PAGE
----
As Cuba Opens to More Investment, Tampa Sees Advantage Over Miami

President Obama announced this week that his administration will begin to normalize relations with Cuba. (Photo by Diego Araya Corvalán/Flickr.)

By Eric Barton
Florida Center for Investigative Reporting

The Florida Bar held a symposium in late November that would end up being fortuitous. The subject: doing business with Cuba. The symposium explored primarily what would happen if the United States allowed more investment in the island nation.


Tampa and Miami in Cold War Over Cuban Trade

Tampa y Miami en Guerra Fría por el comercio con Cuba

President Barack Obama talks with President Raúl Castro of Cuba from the Oval Office, Dec. 16, 2014. (Official White House Photo by Pete Souza.)

President Barack Obama talks with President Raúl Castro of Cuba from the Oval Office, Dec. 16, 2014. (Official White House Photo by Pete Souza.)

Florida International University law professor and Cuba expert José Gabilondo was there. He wasn’t surprised by the topic — business leaders have been speculating on an open Cuba for decades. But what surprised Gabilondo was the broad cross section of business people.

“Usually people who come to these Florida Bar seminars are academics and lawyers, but these were businessmen, cattle ranchers and bankers,” Gabilondo recalls. “These are people who wouldn’t waste their time unless they saw a benefit.”

What they learned that day may turn out handy now, after President Obama announced this week that his administration will begin to normalize relations with Cuba. The president outlined a new future that will allow more U.S. businesses to operate in Cuba, including telecommunications companies and banks. Just exactly what will be allowed isn’t clear, but already many Florida businesses are no doubt wondering how they can cash in.

As the Florida Center for Investigative Reporting found in July 2013, Miami will likely not initially be the Cuban trade partner that some might expect. Even though the city is known for its exile community and proximity to the communist nation, anti-Fidel Castro sentiment there will likely keep businesses from being the first to explore the new rules, Gabilondo said.

“In Florida, you have to realize it’s Miami and then it’s every other city,” Gabilondo said. “Businesses in Miami are going to be reluctant, but businesses elsewhere area already thinking about how they can benefit.”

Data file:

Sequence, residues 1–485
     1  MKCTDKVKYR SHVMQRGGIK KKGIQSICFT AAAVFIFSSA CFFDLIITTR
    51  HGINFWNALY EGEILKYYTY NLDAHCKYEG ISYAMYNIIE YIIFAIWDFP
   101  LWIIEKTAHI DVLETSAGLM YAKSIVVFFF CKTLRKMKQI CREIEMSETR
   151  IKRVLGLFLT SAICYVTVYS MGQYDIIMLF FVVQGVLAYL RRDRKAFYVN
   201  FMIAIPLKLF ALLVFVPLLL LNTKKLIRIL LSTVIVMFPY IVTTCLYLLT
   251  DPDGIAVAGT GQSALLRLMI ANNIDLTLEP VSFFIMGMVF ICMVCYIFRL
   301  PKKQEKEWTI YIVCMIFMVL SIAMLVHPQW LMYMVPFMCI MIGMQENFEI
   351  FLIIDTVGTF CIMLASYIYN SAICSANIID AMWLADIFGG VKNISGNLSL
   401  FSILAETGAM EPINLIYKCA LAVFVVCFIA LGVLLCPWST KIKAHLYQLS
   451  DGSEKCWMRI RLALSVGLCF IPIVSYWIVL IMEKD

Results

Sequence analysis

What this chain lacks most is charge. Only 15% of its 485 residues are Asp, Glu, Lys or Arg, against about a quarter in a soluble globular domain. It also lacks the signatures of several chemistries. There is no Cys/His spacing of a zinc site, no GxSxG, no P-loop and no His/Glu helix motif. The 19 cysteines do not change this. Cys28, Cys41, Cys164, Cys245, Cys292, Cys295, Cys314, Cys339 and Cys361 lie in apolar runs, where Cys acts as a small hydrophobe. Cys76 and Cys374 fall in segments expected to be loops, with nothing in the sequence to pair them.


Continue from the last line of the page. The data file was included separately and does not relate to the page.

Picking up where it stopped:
One example of that was clear this week, when Miami Mayor Tomás Regalado announced he would fight any attempt to put a Cuban consulate in his city, according to the Miami Herald. “In Miami, it would be a slap in the face to the hundreds of thousands of victims of the Castro tyranny that live here,” Curbelo told the Herald.

Meanwhile, Tampa has been courting the Cuban market and is prepared for the president’s changes, said Patrick Manteiga, owner of the Cuban-focused Tampa newspaper La Gaceta.

“We’re going to see some immediate speculation on how we sit here in Tampa with these rules,” Manteiga said from his office in Ybor City, Tampa’s traditionally Cuban neighborhood.

Patrick Manteiga, publisher of La Gaceta in Tampa, believes the normalizing of relations with Cuba will be a boon for Tampa’s economy. (Photo by Eric Barton/Florida Center for Investigative Reporting.)

As soon as the new rules are spelled out, Manteiga predicts Florida law firms, telecommunications businesses, and shipping companies will develop plans on how to get into Cuba.

Banks may see the most immediate benefit. Obama announced that U.S. debit and credit cards can soon be used in Cuba. But before that can happen, banks here will have to study how to hook into Cuban banks, which have been isolated from the networks that connect the rest of the world.

“I don’t think you’re going to see cases of drywall going down immediately,” Manteiga said. “But I would expect that banks are already talking about hiring people who can help them connect their systems to Cuba.”

In Tampa or Jacksonville, advertising for an employee to help connect a bank to Cuba might seem routine. But in Miami, such an ad could bring protests, Manteiga said. He points to the reactions to the Obama announcement: Tampa Republicans spoke against the president’s decision in measured tones, while Miami politicians including U.S. Sen. Marco Rubio who took a hard line, and at times combative, approach.

“You’ve got the Rubios out there screaming about this, and I think that’s going to scare a lot of Miami businesses from getting on board,” Manteiga said.

While Miami businesses may not be among the first to benefit from the changes, Gabilondo suggests that will change over time. After these rules become simply the way business is done, more Miami companies will give in.

“If you’re a businessperson, you have to look at this announcement and say, this is not an issue of whether Cuba is going to open up – but when,” Gabilondo said.